Early in the year, I outlined trends on the mobile frontier of machine-to-machine (M2M) and the Internet of Things (IoT). Developments in new microcontrollers, digital radios, “everywhere” connectivity and cloud-based applications are sweeping through the consumer markets, at incredible speed.
RDBS On M2M Devices
Recently, I talked to Bellevue, Wash.-based ITTIA about its relational database system for mobile and machine-to-machine transactions. Founded in 2000, the company has 10 people and began releasing small-footprint relational database system products in 2007. The framework has plenty of space for operation on tiny devices like the Raspberry Pi or the Beagleboard. Much of ITTIA’s activity is with clients designing custom solutions that negotiate complex SQL queries between devices. If you need to do analysis and queries down at the discrete device level, you might want to give it a look.
Use The Audio Jack For Data
Everybody has seen the Square and PayPal readers that plug into smartphones. A number of organizations are using the audio port data technique to communicate with external hardware. Early mobile devices were limited because they typically only provided an audio output function to headphones or speakers. But modern smartphones integrate both audio output and input into the ports, so data transfer is practical.
Have a look at these stories and see if the idea might be suitable for your projects or products.
- BYOD Is For Amateurs. Try Bring-Your-Own-Laboratory
- IPhone Urinalysis Draws First FDA Inquiry of Medical Apps
- MoboSens, A Square-Like Tool For Eco Warriors, Lets You Crowdsource Water Pollutants
IoT – Radio Input
This last example goes way off the mobile reservation, although you’ll recognize the method to my madness. I’m talking about Flightradar’s aircraft data radios. Flightradar24 runs in your browser and as an app on mobile phones. It gives a real- and near-real-time account of commercial aircraft flight information. Pull it up on a desktop and you’ll get a detailed map of your chosen area, with airplane icons tracking their flight paths. Click on one of the planes to get the flight number, carrier, speed, altitude and so on. So where’s the mobile magic?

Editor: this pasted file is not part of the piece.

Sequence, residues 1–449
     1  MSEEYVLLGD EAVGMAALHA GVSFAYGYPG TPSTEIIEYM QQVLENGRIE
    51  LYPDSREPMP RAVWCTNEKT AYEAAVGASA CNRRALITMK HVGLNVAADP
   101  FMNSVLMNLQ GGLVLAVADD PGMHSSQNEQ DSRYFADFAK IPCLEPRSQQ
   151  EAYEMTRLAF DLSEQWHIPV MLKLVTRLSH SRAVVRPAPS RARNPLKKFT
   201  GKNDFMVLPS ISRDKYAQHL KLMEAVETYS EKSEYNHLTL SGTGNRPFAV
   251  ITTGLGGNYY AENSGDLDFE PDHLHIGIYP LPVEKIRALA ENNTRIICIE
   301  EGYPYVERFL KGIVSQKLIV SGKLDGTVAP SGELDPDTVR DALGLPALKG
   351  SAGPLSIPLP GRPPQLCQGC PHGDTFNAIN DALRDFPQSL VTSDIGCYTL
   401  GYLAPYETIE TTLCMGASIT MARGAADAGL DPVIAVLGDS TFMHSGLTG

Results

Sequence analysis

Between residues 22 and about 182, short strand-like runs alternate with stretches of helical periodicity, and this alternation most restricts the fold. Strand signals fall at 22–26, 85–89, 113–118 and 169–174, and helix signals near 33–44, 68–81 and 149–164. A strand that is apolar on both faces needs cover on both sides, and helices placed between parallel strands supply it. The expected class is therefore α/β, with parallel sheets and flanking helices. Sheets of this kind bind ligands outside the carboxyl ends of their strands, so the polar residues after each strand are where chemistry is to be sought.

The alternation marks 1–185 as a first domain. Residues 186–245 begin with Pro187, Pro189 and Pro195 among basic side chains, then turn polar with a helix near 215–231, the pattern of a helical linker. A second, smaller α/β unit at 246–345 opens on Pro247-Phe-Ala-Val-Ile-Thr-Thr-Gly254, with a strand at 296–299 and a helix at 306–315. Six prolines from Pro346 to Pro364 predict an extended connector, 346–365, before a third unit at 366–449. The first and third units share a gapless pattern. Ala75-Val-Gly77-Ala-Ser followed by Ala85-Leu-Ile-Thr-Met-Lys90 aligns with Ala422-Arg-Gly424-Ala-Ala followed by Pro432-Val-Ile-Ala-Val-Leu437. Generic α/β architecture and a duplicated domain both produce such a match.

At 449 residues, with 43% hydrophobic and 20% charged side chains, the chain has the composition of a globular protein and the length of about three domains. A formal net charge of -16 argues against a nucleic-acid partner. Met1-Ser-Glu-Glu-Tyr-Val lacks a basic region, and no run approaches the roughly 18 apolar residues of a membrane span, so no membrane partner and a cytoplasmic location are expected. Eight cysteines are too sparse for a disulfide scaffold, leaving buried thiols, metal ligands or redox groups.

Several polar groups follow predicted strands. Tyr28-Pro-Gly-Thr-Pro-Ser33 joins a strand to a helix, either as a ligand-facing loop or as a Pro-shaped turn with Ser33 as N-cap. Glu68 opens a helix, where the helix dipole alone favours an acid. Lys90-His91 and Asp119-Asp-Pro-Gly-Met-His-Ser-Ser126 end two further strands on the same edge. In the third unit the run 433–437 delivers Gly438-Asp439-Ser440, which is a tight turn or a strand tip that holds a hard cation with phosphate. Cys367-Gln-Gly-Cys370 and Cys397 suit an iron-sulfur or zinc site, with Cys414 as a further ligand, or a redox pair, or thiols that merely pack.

It turns out that Flightradar uses little aircraft data radios that are simply plugged into the Internet around the globe to intercept localized transponder data and send it back to its database. So, for example, if I had a one of the radios at my house here in Orlando, all the planes that were flying around in the area would be picked up and the data would be sent to Flightradar. (Contact them if you’re interested in contributing a bit of your bandwidth to feed them data.)
In the bigger scheme of things, Flightradar is taking locally collected data (via the radios) and pushing it up to their database so they can constantly update their flight maps. While we usually think of the Internet of Things as an Internet-connected light bulb or refrigerator, the Flightradar radio/Internet device is really the same thing with a little twist on what’s connected to the input.
What other interesting (and profitable) applications could be built by collecting localized radio traffic and sending the data up the line for analysis on a server somewhere? If you came up with one, it would only be proper to continuously update the results on an always-connected smartphone or tablet. You get the picture.